Using the higher figures, Eyler estimates that total business revenue in the city would drop by $4.4 million annually and property tax revenues to the city would fall by $171,600.

“Rent control is an economic loser, but does have a social gain and political gain,” Eyler said.

The City Council will need to decide whether those gains are worth the drag on the economy they create, he said.

Another key consideration is the cost of administration. Regalia said he was surprised to see the size of the staffs required to manage rent control in some communities. Richmond estimates that it will need 14 to 25 people and a budget of $2.2 million annually to administer the program. Santa Monica, which has had rent control since 1979, has a staff of 26 people and a budget of $4.8 million. Santa Monica’s program is funded almost entirely by fees paid by landlords, according to the city.

The council is unlikely to come away from Tuesday’s meeting with a uniform view on the wisdom of rent control. Combs is a vocal supporter who proposed an emergency moratorium to prevent rent hikes while the council debates the issue. The measure failed.

Sawyer, a former longtime businessman, said he is uncomfortable when the government meddles with market forces and would rather see the city focus on building more housing, especially downtown.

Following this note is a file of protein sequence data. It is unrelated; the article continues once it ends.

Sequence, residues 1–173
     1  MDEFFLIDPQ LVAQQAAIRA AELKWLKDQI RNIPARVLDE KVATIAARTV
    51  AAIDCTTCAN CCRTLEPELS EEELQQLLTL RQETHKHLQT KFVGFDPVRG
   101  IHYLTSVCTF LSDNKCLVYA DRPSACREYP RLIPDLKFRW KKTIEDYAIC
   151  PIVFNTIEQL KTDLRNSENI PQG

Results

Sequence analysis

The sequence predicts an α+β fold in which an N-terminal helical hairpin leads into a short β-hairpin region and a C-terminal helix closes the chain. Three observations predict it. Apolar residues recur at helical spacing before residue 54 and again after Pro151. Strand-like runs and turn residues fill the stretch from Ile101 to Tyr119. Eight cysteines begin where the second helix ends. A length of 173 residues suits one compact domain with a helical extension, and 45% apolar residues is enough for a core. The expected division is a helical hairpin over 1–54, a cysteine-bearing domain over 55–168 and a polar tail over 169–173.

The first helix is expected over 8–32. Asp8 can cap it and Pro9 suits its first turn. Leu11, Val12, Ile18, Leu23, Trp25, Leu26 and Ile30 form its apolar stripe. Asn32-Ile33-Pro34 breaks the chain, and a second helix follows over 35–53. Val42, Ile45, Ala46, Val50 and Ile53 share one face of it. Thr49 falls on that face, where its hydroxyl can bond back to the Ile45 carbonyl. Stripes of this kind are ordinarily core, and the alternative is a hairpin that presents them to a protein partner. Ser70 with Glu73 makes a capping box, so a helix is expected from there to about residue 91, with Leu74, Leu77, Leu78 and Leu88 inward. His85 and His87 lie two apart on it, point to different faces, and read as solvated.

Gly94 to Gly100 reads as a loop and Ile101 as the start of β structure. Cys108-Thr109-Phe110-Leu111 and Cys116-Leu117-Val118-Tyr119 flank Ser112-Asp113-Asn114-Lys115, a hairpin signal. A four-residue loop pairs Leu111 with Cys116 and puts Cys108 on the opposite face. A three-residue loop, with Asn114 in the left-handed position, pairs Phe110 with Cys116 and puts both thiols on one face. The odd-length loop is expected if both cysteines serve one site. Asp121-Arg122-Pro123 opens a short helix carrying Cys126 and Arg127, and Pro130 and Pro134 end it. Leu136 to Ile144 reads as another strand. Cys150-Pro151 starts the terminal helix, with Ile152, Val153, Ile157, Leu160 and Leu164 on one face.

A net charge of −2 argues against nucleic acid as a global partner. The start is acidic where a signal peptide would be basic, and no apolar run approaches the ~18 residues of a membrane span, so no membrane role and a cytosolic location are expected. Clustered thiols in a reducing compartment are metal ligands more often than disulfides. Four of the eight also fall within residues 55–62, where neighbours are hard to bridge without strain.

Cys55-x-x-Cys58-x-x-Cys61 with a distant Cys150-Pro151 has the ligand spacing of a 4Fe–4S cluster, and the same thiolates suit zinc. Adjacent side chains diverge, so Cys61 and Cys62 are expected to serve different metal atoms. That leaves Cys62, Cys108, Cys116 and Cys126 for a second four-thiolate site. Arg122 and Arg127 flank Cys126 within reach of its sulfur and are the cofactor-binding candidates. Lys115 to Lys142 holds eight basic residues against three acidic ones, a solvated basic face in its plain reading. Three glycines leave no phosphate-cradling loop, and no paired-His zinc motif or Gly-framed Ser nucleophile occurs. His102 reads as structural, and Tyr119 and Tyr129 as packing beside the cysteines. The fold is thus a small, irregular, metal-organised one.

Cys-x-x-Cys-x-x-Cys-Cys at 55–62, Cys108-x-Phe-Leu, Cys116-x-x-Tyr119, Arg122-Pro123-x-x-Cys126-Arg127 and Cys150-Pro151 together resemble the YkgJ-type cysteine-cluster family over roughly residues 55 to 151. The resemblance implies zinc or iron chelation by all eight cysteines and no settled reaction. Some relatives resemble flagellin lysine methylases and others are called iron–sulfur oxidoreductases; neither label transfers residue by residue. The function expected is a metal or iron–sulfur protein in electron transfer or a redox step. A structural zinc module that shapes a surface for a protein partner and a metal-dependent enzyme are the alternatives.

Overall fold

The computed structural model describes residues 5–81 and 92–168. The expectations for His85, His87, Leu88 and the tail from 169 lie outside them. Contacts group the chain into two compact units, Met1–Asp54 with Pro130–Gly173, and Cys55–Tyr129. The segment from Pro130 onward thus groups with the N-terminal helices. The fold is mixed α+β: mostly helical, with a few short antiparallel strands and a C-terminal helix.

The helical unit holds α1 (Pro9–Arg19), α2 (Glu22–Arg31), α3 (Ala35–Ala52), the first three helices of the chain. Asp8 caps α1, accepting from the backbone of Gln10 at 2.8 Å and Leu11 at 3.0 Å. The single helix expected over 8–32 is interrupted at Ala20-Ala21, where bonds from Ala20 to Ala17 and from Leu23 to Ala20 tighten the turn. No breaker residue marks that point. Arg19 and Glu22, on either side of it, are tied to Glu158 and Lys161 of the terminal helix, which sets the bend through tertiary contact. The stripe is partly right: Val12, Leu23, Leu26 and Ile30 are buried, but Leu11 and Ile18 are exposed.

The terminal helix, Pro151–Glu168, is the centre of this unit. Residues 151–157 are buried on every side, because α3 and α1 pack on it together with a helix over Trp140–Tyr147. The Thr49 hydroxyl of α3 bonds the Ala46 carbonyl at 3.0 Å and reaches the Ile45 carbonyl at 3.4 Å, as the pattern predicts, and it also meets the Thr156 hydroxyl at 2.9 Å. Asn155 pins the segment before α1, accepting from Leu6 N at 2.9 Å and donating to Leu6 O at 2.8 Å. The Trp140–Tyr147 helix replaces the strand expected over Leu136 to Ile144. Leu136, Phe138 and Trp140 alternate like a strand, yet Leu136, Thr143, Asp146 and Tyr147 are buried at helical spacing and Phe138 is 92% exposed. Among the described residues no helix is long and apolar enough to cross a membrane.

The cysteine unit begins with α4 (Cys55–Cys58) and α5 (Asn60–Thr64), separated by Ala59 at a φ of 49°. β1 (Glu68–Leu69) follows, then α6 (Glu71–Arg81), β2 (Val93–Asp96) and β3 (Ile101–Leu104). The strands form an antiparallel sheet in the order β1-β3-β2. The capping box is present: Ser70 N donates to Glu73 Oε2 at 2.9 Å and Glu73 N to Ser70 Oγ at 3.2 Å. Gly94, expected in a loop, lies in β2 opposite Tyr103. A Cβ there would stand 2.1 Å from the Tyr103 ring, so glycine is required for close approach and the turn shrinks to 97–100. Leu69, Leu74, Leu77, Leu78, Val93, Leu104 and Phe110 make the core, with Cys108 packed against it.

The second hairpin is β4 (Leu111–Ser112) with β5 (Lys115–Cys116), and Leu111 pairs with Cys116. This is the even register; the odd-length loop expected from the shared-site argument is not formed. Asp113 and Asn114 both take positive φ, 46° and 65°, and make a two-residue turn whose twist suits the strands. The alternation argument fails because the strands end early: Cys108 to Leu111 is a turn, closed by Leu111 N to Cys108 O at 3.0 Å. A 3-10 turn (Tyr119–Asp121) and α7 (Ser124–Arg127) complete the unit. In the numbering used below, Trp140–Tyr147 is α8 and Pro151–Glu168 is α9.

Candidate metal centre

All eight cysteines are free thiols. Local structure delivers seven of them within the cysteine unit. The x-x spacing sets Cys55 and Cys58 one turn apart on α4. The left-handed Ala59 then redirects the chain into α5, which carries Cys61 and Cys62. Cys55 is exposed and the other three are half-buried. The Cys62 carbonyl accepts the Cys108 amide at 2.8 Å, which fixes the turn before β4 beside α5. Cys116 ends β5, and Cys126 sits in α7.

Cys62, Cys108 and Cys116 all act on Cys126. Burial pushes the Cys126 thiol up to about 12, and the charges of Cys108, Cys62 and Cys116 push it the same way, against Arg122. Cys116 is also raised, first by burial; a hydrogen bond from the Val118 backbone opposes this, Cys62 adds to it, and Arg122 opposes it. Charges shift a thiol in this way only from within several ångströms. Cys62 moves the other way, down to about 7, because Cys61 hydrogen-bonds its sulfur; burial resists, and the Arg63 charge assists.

The council has other options open to it, such as a voluntary measure asking landlords keep rent increases below certain levels, similar to the one adopted by Healdsburg. It also could impose the just-cause eviction law without rent control.

It’s possible neither Beattie, who owns the property on Slater Street, nor Schallert, who faced the $300 rent increase, would be impacted by rent control even if approved. Beattie’s property could be exempted from the law if the council decides to not have it apply to smaller complexes. And Schallert, who grew up in Santa Rosa, recently “got lucky” through a friend and found a home with a yard in Rincon Valley she’ll be moving into for the same $2,000 she was facing at her former apartment building.

Schallert said the rent control decision will show whether the council is more influenced by the arguments of those with money than those without.

“I guess we’ll find out who our City Council really works for,” she said.

You can reach Staff Writer Kevin McCallum at 521-5207 or On Twitter @srcitybeat.